Case Nos: CO/2812/2014 and CO/2914/2014
21 January 2015
Link to judgment
Summary of case
Challenge brought by two Romany Gypsies who had sought planning permission to site their caravans on Green Belt land.
The Department for Communities and Local Government (DCLG) policy on dealing with appeals in relation to planning permission was that:
The majority of planning appeals in England are decided by inspectors, but a small percentage is decided by the Secretary of State for Communities and Local Government, usually because the development is large and/or controversial. Around 27,000 appeals are made each year: in 2007, 110 appeals were determined by the Secretary of State.
In July 2013 the Minister issued a statement to say that in the case of applications for planning permission for traveller sites in the Green Belt they would be decided by the the Secretary of State for Communities and Local Government and not by the inspectors. This meant that there were substantial delays for all such applications.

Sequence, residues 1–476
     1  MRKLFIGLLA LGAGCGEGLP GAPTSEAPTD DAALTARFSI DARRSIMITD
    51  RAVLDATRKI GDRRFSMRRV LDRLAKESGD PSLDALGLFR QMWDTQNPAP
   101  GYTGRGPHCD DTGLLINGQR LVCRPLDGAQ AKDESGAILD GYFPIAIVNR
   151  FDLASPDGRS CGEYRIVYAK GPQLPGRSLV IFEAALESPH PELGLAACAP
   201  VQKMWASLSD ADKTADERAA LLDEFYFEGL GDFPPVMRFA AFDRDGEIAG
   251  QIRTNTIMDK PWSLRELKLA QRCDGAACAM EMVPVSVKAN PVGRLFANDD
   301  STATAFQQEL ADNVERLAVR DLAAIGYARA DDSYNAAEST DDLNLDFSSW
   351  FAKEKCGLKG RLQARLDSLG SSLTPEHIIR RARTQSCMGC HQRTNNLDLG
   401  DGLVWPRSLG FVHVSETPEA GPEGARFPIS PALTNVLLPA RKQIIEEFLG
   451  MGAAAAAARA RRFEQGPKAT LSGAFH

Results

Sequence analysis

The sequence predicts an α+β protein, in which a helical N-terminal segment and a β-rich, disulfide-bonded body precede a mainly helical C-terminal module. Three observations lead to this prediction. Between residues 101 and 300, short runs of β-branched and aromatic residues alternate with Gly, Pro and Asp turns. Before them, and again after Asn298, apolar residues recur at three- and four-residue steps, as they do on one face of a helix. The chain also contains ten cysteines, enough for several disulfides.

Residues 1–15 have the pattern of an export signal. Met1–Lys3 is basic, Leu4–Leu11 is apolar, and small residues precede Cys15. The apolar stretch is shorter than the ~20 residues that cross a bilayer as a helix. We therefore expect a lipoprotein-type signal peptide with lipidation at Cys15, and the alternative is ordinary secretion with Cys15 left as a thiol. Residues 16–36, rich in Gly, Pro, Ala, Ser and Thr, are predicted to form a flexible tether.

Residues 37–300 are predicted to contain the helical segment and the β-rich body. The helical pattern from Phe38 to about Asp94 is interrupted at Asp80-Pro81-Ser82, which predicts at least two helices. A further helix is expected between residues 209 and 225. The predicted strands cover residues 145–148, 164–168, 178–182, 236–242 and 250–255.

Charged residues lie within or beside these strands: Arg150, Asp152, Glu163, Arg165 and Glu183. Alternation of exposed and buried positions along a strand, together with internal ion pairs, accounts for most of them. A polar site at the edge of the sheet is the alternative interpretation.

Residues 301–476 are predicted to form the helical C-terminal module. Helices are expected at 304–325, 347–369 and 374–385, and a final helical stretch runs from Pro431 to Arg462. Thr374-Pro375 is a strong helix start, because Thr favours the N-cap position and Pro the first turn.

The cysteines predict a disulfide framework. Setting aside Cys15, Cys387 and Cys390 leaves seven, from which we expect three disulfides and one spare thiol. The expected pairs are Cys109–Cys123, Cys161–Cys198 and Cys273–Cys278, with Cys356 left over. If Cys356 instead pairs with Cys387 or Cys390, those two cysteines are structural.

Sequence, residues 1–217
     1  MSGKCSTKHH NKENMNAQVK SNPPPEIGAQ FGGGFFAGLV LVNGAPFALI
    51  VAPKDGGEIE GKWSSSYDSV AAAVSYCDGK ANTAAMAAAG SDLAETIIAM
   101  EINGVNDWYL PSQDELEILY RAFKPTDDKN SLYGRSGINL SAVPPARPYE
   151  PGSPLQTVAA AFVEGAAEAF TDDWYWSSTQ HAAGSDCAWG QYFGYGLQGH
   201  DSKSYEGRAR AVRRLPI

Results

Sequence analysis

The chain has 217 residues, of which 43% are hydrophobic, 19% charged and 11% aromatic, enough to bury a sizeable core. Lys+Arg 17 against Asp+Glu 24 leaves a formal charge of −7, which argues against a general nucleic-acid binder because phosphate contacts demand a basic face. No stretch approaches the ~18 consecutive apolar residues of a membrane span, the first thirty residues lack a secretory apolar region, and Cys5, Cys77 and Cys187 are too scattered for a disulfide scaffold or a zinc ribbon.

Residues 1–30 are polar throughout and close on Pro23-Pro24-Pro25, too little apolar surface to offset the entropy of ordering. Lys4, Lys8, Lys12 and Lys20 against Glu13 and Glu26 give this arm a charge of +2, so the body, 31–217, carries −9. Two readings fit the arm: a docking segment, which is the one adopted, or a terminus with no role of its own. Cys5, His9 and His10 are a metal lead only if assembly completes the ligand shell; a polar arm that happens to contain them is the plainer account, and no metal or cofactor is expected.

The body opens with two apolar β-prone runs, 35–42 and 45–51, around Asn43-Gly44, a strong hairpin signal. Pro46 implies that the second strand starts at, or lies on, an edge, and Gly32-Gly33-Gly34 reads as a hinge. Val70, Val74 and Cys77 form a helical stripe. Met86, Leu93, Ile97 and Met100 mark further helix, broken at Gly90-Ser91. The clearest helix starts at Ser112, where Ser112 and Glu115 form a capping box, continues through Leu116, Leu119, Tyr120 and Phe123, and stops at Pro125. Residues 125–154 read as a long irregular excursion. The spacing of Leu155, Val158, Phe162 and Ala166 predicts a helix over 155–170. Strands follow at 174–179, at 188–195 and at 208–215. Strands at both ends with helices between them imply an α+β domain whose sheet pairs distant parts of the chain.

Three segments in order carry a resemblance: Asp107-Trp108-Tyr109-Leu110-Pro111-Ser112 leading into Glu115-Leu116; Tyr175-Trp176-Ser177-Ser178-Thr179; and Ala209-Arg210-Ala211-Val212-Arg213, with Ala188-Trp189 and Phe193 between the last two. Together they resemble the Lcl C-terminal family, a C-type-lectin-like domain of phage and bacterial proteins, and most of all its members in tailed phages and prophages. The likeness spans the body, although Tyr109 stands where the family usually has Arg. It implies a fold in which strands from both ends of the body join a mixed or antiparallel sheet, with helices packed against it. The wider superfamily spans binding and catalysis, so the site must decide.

This practice disadvantaged (and continues to disadvantage) ethnic Gypsies and Travellers applying for planning permission for a home in the Green Belt because it takes substantially longer to determine such an appeal. The result is that an ethnic Gypsy or Traveller applicant with a meritorious appeal is inherently more likely to face a far longer wait for planning permission than a non-Gypsy or Traveller applicant with a meritorious appeal.
The Claimants argued that this amounted to unlawful indirect discrimination in breach of the Equality Act 2010 s19 and was in breach of the Public Sector Equality Duty (PSED). The Claimants also argued that this was in breach of European Convention on Human Rights Articles 6 and 8.
The High Court considered that no regard had been given to the PSED when this new policy was introduced and ruled that:
the challenges based on breaches of the Equality Act 2010 and of Article 6 of the European Convention of Human Rights have succeeded. …These are not to be dismissed as technical breaches. Although the issue of unlawful discrimination was put before the Minister by his officials, no attempt was made by the Minister to follow the steps required of him by statute, nor was the regard required of him by s 149 of the Equality Act 2010 had to the matters set out there.
The Article 6 challenge has succeeded because substantial delays have occurred in dealing with the appeals of Mrs Moore and Ms Coates, and with many other cases. In the context of delay, Article 6 of the ECHR does no more than encapsulate the long standing principle of the common law that justice should not be unreasonably delayed, as it was and has been here. The Claimants were and are entitled to have their appeals determined within a reasonable time.